"The first English translation of a 1974 novel by an eminent Polish writer whose passionate identification with the travail of the European Jews is reminiscent of `Sholom Aleichem,' S.Y. Agnon, and Isaac Bashevis Singer. This story begins in the Warsaw Ghetto during WW II and focuses on Golda Heshl, who survives separation from her husband and family and incarceration at Treblinka, and also on her son Yossel Yurek, who lives by his wits as a farmworker and black marketeer. The novel operates at a continuous high pitch of emotion and is marred by a preachy, melodramatic conclusion. But the detailed portrayal of its characters' sufferings is acute, and the imperfect realization of their dream of a refugee ship coming 'to lead us out of exile' is rendered with stunning irony."—Kirkus Reviews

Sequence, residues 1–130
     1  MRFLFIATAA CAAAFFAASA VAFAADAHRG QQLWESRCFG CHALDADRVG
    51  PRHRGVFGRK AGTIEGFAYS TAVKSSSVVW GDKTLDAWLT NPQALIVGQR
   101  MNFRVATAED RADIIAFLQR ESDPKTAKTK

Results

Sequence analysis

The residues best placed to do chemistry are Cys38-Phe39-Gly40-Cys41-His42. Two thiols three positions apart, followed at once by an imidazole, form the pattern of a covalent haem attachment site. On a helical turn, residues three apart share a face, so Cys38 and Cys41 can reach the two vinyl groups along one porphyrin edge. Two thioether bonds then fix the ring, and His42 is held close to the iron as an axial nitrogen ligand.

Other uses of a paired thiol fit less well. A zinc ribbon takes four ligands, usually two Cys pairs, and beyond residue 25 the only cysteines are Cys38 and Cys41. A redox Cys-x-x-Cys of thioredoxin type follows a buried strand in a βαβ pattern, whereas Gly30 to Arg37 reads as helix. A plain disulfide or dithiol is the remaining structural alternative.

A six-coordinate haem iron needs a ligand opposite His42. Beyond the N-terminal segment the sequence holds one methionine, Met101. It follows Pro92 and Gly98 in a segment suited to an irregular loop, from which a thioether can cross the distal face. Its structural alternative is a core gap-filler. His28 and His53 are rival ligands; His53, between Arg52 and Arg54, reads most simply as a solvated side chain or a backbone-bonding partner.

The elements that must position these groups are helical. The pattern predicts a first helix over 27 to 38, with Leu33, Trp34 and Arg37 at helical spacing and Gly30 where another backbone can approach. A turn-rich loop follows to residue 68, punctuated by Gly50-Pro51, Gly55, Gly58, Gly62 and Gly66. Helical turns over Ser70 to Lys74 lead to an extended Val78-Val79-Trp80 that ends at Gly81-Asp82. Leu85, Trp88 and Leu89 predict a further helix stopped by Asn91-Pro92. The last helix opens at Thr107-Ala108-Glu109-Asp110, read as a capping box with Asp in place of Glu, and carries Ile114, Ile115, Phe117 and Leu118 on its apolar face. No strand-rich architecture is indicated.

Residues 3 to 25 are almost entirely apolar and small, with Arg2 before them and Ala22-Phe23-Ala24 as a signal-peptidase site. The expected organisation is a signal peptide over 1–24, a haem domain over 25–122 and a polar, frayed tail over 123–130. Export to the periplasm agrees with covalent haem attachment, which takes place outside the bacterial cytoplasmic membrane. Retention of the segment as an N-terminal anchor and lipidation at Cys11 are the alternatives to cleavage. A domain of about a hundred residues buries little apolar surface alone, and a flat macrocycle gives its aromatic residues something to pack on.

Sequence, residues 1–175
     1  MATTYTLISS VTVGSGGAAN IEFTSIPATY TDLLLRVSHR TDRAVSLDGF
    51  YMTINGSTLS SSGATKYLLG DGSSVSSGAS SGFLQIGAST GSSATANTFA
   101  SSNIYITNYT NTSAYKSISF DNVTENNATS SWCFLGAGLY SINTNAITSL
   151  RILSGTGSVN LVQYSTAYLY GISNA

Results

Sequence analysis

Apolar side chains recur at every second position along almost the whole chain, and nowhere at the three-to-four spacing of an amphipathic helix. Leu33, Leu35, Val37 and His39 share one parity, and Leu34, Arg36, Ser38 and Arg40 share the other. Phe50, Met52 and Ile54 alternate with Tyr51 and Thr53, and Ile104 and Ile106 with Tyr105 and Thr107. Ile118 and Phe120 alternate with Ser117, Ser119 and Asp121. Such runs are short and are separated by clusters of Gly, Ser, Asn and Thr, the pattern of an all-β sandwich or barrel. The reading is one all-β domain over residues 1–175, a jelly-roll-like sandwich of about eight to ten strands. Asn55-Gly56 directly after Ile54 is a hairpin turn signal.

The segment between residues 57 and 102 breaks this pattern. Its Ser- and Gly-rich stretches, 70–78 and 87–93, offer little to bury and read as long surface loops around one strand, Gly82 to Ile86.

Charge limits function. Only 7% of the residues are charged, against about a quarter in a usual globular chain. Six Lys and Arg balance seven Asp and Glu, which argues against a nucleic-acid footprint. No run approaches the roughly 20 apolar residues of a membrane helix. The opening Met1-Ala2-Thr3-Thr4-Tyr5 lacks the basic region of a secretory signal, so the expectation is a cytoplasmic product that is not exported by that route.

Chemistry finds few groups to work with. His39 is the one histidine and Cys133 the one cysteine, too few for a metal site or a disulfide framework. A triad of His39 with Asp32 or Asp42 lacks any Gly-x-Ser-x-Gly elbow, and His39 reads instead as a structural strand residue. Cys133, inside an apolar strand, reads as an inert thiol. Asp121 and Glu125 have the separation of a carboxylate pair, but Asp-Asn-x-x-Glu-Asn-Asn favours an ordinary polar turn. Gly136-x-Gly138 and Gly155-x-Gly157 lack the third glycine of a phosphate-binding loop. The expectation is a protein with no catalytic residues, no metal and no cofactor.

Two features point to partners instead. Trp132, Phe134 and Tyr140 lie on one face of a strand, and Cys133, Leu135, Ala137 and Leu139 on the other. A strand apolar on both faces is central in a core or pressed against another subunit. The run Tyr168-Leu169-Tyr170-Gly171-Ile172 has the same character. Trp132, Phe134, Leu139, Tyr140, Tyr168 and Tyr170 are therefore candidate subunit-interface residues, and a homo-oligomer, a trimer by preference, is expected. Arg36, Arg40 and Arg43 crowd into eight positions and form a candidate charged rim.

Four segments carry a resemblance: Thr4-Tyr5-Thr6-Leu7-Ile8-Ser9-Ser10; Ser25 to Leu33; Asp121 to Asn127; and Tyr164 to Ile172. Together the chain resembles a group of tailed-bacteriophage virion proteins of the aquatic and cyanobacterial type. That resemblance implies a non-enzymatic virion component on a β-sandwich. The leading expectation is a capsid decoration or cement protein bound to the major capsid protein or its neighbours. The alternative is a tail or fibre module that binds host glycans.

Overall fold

This is the story of one family’s struggle to survive in the squalor of the Warsaw ghetto during the onset of the Holocaust. Yossel Yurek is a thirteen-year-old Jew whose ingenuity in smuggling goods in and out of his community saved the lives of those dear to him-as well as his own. It is the story of his mother, Golda, who courageously escaped from Treblinka. It is the true story of a family forever torn asunder by war. By January 1943, everyone in Warsaw knew that the deportations of the ghetto residents meant the death of the ghetto inhabitants. After Yurek’s older sister was deported, Yurek attempted to find a hiding place for himself and his younger sister, Hannah, while his mother, Golda, remained at home to earn money in order to pay the Polish family who hid her two children. With the power of description that only actual experience can endow, Yehuda Elberg relates the birth, death, and resurrection of a dynasty.
Yehuda Elberg (1912–2003), Yiddish journalist and novelist. Born in Zgierz, Poland, Elberg came from a rabbinical family and was ordained as a rabbi. He is the author of several books including The Empire of Kalman the Cripple.
6 x 9, 308 pages